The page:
Thursday, July 4, 2013

Tour Through a Chicago Baby Farm in 1912

FULL TEXT: “Baby Farming” has extended as a profitable business in Chicago.

The profits accrue from starved bodies, neglected and ill treated children, homeless and dependent upon the “farmer,” whom with which they are “boarded” at from $3 to $7 per week.

Most of the “farms” are situated in districts where tumbling buildings are decaying in filth and neglect. The babies are helpless and have no right of selection; they must suffer in silence and often die from disease and neglect.

The first baby farm visited by a reporter for the Sunday Tribune was kept by a middle aged woman trying to care for eight or ten small children in cramped quarters and under poor conditions. Undoubtedly this woman meant well enough. But she needed the money. She simply could not devote enough time to each child to give its little life a fighting chance.

A “baby farm” does not mean a place where the grass is green and there are plenty of trees and cows, but a dingy flat in the “yards” or a four room cottage on a corner where five car lines meet. There is comfortable about a “baby farm” but the income of the woman, who often appears corpulent and luxurious in contrast to the emaciated infants in her charge. They look like cadaverous birds, opening their months continuously for nourishment for nourishment which they do not get.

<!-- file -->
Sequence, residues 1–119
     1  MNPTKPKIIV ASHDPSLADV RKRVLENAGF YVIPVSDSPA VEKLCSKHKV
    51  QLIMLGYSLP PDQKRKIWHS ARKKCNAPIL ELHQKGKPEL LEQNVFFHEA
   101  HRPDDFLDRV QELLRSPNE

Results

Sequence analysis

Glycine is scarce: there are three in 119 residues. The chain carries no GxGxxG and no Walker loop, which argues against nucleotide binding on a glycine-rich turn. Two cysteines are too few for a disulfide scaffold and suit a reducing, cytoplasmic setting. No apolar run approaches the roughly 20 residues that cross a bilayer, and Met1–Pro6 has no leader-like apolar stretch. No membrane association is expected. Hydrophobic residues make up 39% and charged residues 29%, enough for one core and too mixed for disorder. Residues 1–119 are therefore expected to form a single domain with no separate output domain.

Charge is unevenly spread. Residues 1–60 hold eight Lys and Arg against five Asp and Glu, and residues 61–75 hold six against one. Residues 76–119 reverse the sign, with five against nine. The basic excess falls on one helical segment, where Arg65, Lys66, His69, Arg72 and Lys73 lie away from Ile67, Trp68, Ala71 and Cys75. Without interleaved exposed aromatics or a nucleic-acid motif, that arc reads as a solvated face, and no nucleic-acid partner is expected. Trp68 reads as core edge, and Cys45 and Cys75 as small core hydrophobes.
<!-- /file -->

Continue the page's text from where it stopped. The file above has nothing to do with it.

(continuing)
~  Inspection Fear of Keepers. ~

When a Tribune reporter went unbidden to one “baby farm” in the suburbs, the woman in charge turned pale and her lips trembled. She almost dropped a bottle of soothing syrup she was carrying and gained control of herself only when told that the reporter had a baby to board.

“O,” she said, taking a long breath, “I thought you were from the board of heath. They are inspectin’ the babies somethin’ fierce. Don’t allow more than four children to a house they are getting’ so strict.”

Wails from several distressed voices floated down from the attic as she spoke, and there were five children in the room. It was one of those problems of two times two are five, which the essayists used to write about in school on composition week.